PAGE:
Georgia's quest to ditch daylight saving time depends on Congress
Why it matters: Georgia passed a law to stop falling back and springing forward — but nothing will happen until Congress acts.
Driving the news: Sen. Marco Rubio (R-Fla.) has reintroduced the Sunshine Protection Act, which was surprisingly approved by a unanimous vote in the Senate last year but wasn't voted on by the House.
- The bill — and companion legislation in the House — would eliminate the changing of clocks and "if enacted, the U.S. would not 'fall back' in November and would enjoy a full year of DST, instead of only eight months," according to a fact sheet on the bill.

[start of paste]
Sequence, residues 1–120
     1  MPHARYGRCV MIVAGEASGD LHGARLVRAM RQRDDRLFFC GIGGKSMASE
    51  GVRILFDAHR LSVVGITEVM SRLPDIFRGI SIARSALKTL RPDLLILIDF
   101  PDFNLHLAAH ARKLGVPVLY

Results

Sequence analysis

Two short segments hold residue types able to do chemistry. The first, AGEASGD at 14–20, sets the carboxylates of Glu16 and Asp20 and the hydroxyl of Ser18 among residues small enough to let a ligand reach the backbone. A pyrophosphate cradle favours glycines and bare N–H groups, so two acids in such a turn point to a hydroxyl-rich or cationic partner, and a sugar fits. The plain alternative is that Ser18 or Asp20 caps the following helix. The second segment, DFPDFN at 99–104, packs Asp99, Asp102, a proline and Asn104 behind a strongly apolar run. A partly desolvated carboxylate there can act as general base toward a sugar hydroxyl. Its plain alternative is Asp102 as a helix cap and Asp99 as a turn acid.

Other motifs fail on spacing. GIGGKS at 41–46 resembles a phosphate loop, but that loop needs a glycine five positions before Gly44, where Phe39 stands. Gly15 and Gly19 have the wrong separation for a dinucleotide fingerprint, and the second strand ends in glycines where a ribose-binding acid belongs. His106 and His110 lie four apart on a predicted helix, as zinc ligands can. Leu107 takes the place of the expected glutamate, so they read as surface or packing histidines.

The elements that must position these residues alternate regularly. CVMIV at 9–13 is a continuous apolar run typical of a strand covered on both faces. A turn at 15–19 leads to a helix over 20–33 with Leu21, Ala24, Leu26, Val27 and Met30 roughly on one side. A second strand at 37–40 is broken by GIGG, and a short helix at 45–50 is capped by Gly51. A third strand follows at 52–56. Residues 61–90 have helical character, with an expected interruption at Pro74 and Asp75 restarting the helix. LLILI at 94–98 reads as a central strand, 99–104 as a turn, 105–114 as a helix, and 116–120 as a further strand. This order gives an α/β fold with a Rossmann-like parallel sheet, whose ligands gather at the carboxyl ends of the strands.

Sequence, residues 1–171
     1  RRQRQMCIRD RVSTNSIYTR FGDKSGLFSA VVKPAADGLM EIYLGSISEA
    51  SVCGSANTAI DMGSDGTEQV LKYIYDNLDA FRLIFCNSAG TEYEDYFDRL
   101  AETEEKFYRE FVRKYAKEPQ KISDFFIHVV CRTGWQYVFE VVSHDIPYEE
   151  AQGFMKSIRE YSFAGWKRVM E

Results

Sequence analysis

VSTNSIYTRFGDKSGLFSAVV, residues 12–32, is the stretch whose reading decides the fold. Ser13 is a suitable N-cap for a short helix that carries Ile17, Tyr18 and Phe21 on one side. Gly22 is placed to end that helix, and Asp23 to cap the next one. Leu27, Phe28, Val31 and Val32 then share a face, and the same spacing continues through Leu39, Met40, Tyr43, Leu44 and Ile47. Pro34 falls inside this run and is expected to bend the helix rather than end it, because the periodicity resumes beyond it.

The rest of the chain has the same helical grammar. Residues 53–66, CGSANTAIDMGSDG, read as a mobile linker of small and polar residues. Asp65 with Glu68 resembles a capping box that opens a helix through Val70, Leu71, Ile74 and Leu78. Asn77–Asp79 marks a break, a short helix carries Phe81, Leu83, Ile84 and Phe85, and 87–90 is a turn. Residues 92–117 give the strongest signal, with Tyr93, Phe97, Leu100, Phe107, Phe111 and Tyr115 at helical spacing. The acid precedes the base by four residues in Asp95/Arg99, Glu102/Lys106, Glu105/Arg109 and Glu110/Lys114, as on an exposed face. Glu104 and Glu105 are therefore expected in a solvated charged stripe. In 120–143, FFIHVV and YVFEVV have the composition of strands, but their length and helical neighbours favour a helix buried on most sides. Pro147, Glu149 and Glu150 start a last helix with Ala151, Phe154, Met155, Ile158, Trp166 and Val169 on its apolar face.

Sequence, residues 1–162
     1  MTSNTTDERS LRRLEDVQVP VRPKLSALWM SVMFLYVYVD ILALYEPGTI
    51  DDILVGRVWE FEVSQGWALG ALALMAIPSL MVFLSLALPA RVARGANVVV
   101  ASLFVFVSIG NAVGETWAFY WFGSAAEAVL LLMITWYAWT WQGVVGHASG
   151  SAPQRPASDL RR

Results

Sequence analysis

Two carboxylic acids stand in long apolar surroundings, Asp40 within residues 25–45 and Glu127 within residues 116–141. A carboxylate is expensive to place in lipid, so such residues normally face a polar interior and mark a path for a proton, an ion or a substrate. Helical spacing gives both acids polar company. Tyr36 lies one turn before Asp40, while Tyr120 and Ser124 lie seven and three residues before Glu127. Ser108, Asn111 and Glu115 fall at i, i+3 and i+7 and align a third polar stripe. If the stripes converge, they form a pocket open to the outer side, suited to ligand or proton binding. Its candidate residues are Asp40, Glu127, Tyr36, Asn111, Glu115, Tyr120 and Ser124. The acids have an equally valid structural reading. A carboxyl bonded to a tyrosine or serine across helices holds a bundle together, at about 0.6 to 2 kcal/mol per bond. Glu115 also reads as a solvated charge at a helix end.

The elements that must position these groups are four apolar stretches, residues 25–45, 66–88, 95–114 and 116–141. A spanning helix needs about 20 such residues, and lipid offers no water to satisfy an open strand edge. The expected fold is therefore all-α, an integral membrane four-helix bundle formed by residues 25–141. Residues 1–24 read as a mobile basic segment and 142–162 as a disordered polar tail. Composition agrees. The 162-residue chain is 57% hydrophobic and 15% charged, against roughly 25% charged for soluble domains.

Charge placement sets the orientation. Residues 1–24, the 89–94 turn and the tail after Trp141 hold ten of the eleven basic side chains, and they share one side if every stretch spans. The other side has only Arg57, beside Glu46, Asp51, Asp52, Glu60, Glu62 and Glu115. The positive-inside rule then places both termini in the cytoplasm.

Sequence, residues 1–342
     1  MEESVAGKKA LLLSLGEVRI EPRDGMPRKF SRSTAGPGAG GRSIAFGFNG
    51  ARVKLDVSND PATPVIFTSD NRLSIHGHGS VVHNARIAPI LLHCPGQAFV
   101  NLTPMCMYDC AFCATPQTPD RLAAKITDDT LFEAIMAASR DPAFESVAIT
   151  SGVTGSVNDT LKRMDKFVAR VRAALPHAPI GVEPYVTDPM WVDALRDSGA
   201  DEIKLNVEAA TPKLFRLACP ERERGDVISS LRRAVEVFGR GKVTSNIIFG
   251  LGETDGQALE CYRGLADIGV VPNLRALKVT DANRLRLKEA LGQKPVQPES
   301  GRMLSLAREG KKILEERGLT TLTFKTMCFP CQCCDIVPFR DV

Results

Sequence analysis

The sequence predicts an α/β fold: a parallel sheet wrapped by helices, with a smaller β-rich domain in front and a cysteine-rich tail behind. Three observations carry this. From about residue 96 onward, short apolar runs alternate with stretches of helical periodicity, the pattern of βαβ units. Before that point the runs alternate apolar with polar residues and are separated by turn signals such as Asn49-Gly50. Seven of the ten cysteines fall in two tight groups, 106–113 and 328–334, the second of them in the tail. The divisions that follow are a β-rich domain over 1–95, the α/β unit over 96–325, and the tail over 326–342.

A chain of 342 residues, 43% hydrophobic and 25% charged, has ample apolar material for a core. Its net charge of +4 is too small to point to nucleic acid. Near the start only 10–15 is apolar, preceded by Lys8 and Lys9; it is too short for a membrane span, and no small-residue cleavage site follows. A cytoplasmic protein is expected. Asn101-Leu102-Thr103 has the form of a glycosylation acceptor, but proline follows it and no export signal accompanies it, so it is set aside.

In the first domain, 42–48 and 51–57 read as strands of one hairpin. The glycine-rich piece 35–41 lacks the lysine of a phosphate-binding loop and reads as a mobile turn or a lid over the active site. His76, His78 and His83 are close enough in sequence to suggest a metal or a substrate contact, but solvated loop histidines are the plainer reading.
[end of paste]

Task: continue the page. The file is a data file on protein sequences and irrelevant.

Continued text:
State of play: Health groups have called for an end to the seasonal shifting of clocks, a ritual first adopted in the U.S. more than a century ago.
- More than two-thirds of Americans want to stop changing their clocks, according to a March 2022 YouGov poll.
Georgia is one of 19 states that have passed bills or resolutions since 2018 to make daylight saving time year-round if Congress acts, according to the National Conference of State Legislatures.
Yes, but: Federal law says states can unilaterally move to standard time but must have the approval of Congress to adopt year-round daylight saving time.
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